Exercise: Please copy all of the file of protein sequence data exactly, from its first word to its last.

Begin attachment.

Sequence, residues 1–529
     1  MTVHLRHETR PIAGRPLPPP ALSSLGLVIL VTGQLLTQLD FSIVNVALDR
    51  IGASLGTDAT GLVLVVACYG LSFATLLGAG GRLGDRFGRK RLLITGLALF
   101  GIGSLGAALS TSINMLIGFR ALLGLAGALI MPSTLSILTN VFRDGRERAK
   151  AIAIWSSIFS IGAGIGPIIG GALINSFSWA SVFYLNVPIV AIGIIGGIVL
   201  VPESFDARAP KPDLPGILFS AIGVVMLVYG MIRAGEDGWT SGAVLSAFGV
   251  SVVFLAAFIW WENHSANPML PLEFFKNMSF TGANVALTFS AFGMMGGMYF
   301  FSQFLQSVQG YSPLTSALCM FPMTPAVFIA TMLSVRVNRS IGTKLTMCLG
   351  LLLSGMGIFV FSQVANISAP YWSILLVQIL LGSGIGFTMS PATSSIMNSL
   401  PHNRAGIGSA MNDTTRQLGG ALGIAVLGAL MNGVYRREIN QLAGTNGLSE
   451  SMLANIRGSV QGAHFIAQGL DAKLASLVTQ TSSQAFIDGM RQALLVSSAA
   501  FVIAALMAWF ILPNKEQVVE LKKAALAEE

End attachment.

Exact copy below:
Sequence, residues 1–529
     1  MTVHLRHETR PIAGRPLPPP ALSSLGLVIL VTGQLLTQLD FSIVNVALDR
    51  IGASLGTDAT GLVLVVACYG LSFATLLGAG GRLGDRFGRK RLLITGLALF
   101  GIGSLGAALS TSINMLIGFR ALLGLAGALI MPSTLSILTN VFRDGRERAK
   151  AIAIWSSIFS IGAGIGPIIG GALINSFSWA SVFYLNVPIV AIGIIGGIVL
   201  VPESFDARAP KPDLPGILFS AIGVVMLVYG MIRAGEDGWT SGAVLSAFGV
   251  SVVFLAAFIW WENHSANPML PLEFFKNMSF TGANVALTFS AFGMMGGMYF
   301  FSQFLQSVQG YSPLTSALCM FPMTPAVFIA TMLSVRVNRS IGTKLTMCLG
   351  LLLSGMGIFV FSQVANISAP YWSILLVQIL LGSGIGFTMS PATSSIMNSL
   401  PHNRAGIGSA MNDTTRQLGG ALGIAVLGAL MNGVYRREIN QLAGTNGLSE
   451  SMLANIRGSV QGAHFIAQGL DAKLASLVTQ TSSQAFIDGM RQALLVSSAA
   501  FVIAALMAWF ILPNKEQVVE LKKAALAEE